If you have any kind of credit, from a student loan to a department store credit card, you also have a “credit score.” A “credit score” gives future lenders, landlords, employers and others insight into how likely you are to pay your bills. Credit scores range from 300 to 850. The higher the number, the better your credit score. Your credit report includes, among other things, a summary of your payment history on loans and other bills. It is the information used to determine your credit score.
Understanding Your Credit Score
Your credit score is one of the most important keys to a healthy financial future. Your score can differ depending on which credit reporting agency provided the information, the scoring model, the type of loan product, and even the day when it was calculated.
Potential employers and landlords may pull your credit history to see how well you manage your bills. A high credit score shows you have a reliable payment history. Consumers with higher scores usually qualify for lower interest rates on loans such as car loans and mortgages. These lower rates can translate into substantial interest savings over time.
Low credit scores can have the opposite effect. Consumers with lower scores may find it difficult to qualify for loans and other credit products. If they do qualify, they may pay higher interest rates.
So, how is a credit score determined and how can your behavior impact whether your score is high or low? There are five components to a credit score: payment history, amounts owed, length of credit history, new credit and types of credit used. Each component’s weighting has an impact on your score.
Credit Bureau Reporting
Want to know what is on your credit report? Accessing your credit history is easy — and once per year it’s free, too. Request your free credit report from Experian, Equifax, or TransUnion at AnnualCreditReport.com.
The Fair Credit Reporting Act requires that reported information, such as a missed payment, must be accurate. If you happen to find an error on your credit report, you can dispute it directly (and for free!) with the credit reporting agencies. Beware of companies that claim they can fix your credit for a fee especially if they ask for the fee upfront.
Student loan servicers are required to report federal student loan payment status to the credit reporting agencies. A federal student loan delinquency usually is not reported to the credit reporting agencies until a payment has been missed for 90 days. Private student loan reporting can be earlier, such as after 45 days of non-payment. If you’re having trouble making payments on your federal student loans, this time is a great opportunity to enroll in an income-driven repayment plan before your loans report as delinquent. Most other debt reports after being 30 days late.
Many creditors are sympathetic to consumers who, due to inexperience with credit or a one-time event, may have missed payments or paid late. However, if the missed payment is reported accurately — that is if the payment was actually late — the current law doesn’t permit creditors to retract accurate information even as a one-time courtesy. Fortunately, student loan borrowers and consumers alike can build a good credit score over time with a few smart financial habits.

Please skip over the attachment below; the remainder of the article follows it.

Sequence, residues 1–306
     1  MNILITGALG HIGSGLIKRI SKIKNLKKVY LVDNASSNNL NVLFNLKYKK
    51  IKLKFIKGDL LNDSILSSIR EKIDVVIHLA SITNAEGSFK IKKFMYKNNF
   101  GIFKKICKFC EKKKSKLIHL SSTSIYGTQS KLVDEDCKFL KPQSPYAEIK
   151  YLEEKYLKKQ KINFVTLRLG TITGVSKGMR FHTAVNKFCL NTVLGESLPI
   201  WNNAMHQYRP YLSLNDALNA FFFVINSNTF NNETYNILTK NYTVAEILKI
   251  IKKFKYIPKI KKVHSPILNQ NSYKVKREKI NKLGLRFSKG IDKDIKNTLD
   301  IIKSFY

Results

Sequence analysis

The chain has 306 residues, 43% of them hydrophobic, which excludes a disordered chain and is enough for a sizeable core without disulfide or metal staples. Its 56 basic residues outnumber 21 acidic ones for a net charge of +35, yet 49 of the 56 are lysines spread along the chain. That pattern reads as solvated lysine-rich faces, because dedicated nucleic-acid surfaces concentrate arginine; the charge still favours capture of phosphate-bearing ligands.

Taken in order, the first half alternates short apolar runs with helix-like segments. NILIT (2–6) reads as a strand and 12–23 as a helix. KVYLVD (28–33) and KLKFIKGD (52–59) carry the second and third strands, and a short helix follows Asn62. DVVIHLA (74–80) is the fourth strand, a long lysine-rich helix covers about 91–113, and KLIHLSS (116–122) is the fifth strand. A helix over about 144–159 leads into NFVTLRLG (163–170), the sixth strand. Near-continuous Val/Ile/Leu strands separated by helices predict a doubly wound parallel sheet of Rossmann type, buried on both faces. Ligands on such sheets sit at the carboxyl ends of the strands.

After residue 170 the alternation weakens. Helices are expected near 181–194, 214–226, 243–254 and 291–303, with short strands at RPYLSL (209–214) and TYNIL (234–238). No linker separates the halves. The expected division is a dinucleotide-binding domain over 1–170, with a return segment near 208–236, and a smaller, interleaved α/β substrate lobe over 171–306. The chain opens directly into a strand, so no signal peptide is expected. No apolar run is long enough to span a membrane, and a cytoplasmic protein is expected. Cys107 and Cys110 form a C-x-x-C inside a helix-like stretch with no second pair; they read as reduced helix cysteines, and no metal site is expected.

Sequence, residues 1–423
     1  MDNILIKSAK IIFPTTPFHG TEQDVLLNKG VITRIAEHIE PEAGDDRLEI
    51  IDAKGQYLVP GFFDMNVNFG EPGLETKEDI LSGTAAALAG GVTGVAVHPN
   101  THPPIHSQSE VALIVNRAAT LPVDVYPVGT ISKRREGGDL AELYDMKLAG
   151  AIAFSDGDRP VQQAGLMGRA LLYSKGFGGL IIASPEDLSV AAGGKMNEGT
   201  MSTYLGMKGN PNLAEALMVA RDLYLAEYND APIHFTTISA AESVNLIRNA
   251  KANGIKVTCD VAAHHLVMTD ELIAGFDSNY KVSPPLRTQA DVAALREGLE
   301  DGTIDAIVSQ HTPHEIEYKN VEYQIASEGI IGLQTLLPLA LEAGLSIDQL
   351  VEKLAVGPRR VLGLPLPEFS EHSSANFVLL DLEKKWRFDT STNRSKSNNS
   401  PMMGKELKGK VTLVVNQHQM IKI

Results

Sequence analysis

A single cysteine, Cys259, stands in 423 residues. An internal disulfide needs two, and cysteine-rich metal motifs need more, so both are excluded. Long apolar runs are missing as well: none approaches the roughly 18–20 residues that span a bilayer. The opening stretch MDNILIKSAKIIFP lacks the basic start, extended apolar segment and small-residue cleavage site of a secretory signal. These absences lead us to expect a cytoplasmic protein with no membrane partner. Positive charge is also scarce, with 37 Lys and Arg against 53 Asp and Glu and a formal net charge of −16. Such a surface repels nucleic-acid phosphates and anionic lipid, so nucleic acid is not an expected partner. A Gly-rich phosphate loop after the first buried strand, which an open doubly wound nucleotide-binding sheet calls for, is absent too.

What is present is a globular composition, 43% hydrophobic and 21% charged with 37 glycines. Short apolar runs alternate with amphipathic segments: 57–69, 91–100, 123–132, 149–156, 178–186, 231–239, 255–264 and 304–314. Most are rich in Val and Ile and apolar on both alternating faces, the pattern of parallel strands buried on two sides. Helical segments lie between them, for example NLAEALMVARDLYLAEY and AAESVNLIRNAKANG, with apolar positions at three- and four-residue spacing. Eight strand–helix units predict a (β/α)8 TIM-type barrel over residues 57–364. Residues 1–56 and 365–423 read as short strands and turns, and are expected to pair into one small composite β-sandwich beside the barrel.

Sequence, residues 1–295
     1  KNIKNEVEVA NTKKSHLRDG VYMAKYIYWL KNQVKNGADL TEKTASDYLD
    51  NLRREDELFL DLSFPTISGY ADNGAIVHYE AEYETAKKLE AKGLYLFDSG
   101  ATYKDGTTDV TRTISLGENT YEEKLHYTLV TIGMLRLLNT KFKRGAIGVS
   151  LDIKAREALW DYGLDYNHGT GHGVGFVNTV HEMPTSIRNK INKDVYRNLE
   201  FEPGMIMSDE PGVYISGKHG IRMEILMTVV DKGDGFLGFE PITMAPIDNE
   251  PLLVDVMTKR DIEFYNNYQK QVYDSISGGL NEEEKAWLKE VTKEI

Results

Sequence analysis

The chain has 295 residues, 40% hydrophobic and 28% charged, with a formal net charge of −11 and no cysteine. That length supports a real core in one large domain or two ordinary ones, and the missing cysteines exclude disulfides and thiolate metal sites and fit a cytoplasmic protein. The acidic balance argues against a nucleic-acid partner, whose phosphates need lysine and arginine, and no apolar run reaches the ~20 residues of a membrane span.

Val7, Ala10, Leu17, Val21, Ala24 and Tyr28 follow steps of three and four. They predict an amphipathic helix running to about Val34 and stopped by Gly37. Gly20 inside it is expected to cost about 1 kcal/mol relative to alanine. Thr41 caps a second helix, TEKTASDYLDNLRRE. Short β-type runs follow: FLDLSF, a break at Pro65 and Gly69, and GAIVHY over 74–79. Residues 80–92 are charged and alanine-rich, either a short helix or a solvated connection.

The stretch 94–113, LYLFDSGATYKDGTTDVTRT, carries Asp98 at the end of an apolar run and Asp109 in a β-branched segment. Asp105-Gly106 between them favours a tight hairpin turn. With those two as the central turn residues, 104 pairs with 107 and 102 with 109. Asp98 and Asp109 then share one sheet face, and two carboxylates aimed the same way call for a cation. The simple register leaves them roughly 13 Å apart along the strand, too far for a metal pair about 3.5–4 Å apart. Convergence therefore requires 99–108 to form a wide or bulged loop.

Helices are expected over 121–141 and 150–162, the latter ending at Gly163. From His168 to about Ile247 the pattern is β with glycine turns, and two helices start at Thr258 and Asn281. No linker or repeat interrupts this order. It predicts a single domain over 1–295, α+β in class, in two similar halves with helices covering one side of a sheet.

Four Habits to Build Good Credit
1. Don’t miss payments for outstanding debts. Delinquencies and defaults are a negative mark on your credit score and can take quite a long time — seven years in most cases — before it is no longer included in your credit history. Often you can sign up for automatic payments to ensure you don’t miss deadlines. Signing up for Auto Pay with your student loan servicer will usually qualify you for an interest rate reduction too.
2. Avoid maxing out your credit line. When you receive an established credit line, such as a credit card, many experts suggest limiting your credit utilization (the percentage of your credit limit you are currently using). Experts advise spending less than 10 percent to no more than 30 percent of your limit. This shows creditors and lenders that while you’re eligible to borrow more, you have the discipline to avoid using additional credit.
3. Create an emergency fund in case you encounter an unexpected expense like a car repair or other emergency. Even if you have a set-back, most creditors or lenders will require you to continue making payments as usual. An emergency savings will help you avoid using student loan deferment or forbearance should an unanticipated event arise.
4. Don’t wait until your credit is dinged to contact your student loan servicer for help. Contact your servicer as soon as you think you might fall behind on your payments. Your servicer may be able to help you explore a lower monthly payment or other option that will keep your student loan current until you’re back on your feet.
Understanding the basic principles of good credit habits, and the consequences of missed payments, can make it easier and less expensive when the time comes to rent an apartment, apply for a new job, buy a new car or even a house.
Brad Jones is the director of credit bureau management at Navient. Jones is also a member of the Student Loan Servicing Alliance credit reporting workgroup. This workgroup, formed in late 2014, frames recommendations for standardizing credit reporting of federal and private student loans and conveys such recommendations to the U.S. Department of Education, the Consumer Financial Protection Bureau and the Consumer Data Industry Association.